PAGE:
Introduction
Conflicting decisions
Comment


Introduction

The National Industrial Court of Nigeria (NICN) is one of the specialised courts in Nigeria with 26 judicial divisions. While the argument can be made that each case is determined on its own facts, a disturbing trend currently permeates recent decisions of the NICN:(1) conflicting judgments on similar issues relating to employment terminations by the Court in its different divisions.(2)

As a court of coordinate jurisdiction, NICN decisions are binding with those of other superior courts of record.(3) The doctrine of stare decisis provides that the decisions of higher courts are binding on lower courts and that a court is bound by its own previous decision and those of courts of coordinate jurisdiction.(4)

Conflicting decisions

There have been numerous instances of conflicting NICN judgments. For example, the NICN took opposing views on the issue of reinstatement in Bello Ibrahim v Ecobank(5) and Clement Abayomi Onitiju v Lekki Concession Company Limited.(6) In both cases, the claimant's employment was terminated for no reason and the Court agreed that the termination was unfair and wrong.

However, in the Bello case, coram Justice Sanusi Kado (sitting in Abuja) ordered the claimant's reinstatement, but one year earlier in Lekki, coram Justice BB. Kanyip PhD (sitting in Lagos) had taken the opposite view and held that although the termination was wrongful, the claimant's employment had been terminated in line with the common law position. In the more recent case of Emana I Edet v Fidelity Bank Plc, which was incidentally delivered the same day as the Bello judgment albeit by a different judge,(7) the NICN declined to reinstate the claimant or award exemplary damages.

In Coca-Cola Nigeria Limited v Mrs Titilayo Akisanya(8) and Batelitwin Global Services Limited v Mr John Muir,(9) the Court of Appeal significantly reduced the damages that the NICN had awarded to each of the respondents, which were equal to a one-month salary in lieu of notice, on the grounds that the damages had no basis in law and were contrary to the common law position on awarding damages for wrongful termination of employment. In subsequent cases, the NICN has taken different views, some of which have applied the common law position,(10) and others that have continued to award general and/or special damages for wrongful termination.(11)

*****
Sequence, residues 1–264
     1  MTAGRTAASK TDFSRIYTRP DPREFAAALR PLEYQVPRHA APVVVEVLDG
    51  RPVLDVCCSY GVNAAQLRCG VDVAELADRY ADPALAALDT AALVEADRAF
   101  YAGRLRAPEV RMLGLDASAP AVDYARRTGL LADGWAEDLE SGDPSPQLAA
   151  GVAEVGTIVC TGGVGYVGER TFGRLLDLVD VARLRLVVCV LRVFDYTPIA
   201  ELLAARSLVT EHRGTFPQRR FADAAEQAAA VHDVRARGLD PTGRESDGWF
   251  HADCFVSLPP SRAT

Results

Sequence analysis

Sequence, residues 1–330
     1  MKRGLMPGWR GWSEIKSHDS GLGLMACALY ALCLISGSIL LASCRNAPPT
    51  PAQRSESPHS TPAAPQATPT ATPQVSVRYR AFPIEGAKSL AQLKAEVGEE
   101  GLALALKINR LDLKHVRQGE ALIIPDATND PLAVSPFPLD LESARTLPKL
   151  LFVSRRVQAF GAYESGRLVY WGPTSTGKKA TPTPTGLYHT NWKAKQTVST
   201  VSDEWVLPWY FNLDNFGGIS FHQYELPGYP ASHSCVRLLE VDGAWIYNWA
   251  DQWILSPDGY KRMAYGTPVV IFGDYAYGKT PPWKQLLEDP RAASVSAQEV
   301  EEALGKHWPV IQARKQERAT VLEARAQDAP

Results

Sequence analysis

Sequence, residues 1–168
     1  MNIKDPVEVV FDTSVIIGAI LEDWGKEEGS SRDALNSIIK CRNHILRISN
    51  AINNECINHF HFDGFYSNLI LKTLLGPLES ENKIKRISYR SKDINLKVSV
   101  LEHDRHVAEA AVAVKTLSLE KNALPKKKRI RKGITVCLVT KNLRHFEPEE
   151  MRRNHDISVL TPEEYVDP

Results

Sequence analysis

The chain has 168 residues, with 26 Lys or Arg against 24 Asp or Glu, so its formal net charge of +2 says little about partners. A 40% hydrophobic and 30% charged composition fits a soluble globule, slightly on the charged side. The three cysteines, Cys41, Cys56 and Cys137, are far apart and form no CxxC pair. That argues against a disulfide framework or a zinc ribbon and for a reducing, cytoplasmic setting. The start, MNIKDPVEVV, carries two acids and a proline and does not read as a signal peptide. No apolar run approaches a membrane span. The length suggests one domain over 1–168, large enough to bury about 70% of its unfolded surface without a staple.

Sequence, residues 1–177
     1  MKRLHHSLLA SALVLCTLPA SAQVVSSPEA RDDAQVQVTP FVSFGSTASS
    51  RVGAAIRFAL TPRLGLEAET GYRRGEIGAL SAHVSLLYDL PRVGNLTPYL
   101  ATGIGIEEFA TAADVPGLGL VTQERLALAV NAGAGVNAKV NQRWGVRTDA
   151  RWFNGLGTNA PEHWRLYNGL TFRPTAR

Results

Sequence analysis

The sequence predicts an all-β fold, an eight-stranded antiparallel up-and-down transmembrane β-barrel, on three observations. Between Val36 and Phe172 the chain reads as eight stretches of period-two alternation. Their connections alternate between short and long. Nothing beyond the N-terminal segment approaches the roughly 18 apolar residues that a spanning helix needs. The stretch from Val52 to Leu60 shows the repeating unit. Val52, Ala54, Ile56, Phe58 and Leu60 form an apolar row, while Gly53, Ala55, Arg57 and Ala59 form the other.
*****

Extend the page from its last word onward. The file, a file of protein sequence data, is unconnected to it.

Similarly, in Adigwe v FBN Mortgages Limited,(12) the NICN clarified the employee's right to resign, even in the face of express stipulations that contradicted the employer's handbook. However, it reached an opposing view in Fajuyitan v Guinea Insurance Plc,(13) where the employee had tendered a letter of resignation while facing a disciplinary hearing, which was also contrary to the stipulations of the handbook.

This doctrine of stare decisis rests a priori on the premise that there must be certainty and that parties should be able to know where they stand at a certain time. Given the NCIN's divergent decisions in similar cases, it becomes difficult to determine the law and inform clients on where they stand.

Comment

It is arguable that the NICN's pro-employee decisions are invariably paving the way for employment security. However, the question is whether the Court of Appeal will uphold the decisions of the NICN if they are appealed; more so as the Court of Appeal is now the final court on labour matters in Nigeria. So far, and despite the conflicting judicial pronouncements of the NICN, it has declined to affirm any decision that deviates from or disregards the established common law principles of labour. It is, therefore, uncertain whether the NICN's judicial pronouncements will ultimately succeed in rewriting Nigeria's labour law jurisprudence and, where reliance is placed on appellate decisions, whether the benefits of time-tested common law principles of labour will remain.

For further information on this topic please contact Tonye Krukrubo or Duunebari Seth-Nzor at Aluko & Oyebode by telephone (+234 1 462 8360 71) or email (t[email protected]or [email protected]). The Aluko & Oyebode website can be accessed at www.aluko-oyebode.com.

Endnotes

(1) This article is the third in a three-part series on how decisions of the NICN could potentially rewrite national labour law jurisprudence. For the first article in the series, please see "Innovative NICN judgments could rewrite labour law jurisprudence"; for the second, please see "Attitude of appellate courts to employment cases".

(2) Such judgments have been issued despite the fact that decisions of all divisions of the NICN are always uploaded to its official website and app.

(3) Nkwocha v MTN Nigeria Communications Ltd (2008) LPELR-CA/A/207/05.

(4) Global Transport Oceanico SA v Free Enterprises Nigeria Ltd (2001) LPELR-SC.146/1998.

(5) Unreported suit No. NICN/ABJ/144/2018, delivered on 12 December 2019.

(6) Unreported suit No. NICN/LA/130/2011, delivered on 11 December 2018.

(7) Unreported suit No. NICN/LA/276/2014, delivered on 17 December 2019.

(8) (2017) 17 NWLR (PART 1593) 74.

(9) Unreported Appeal No. CA/L/566/2013, delivered on 3 November 2016.

(10) Clement Abayomi Onitiju v Lekki Concession Company Limited, unreported suit No. NICN/LA/130/2011, delivered on 11 December 2018; and ThankGod Albert v Leisure Investment Ltd, unreported suit No. NICN/ABJ/382/2017.

(11) Onuhikemi v Smridu Nigeria Ltd, unreported suit No. NICN/LA/265/2015.

(12) Unreported suit No. NICN/LA/526/2016, delivered on 9 July 2019.

(13) Unreported suit No. NICN/LA/209/2012, delivered on 21 March 2019.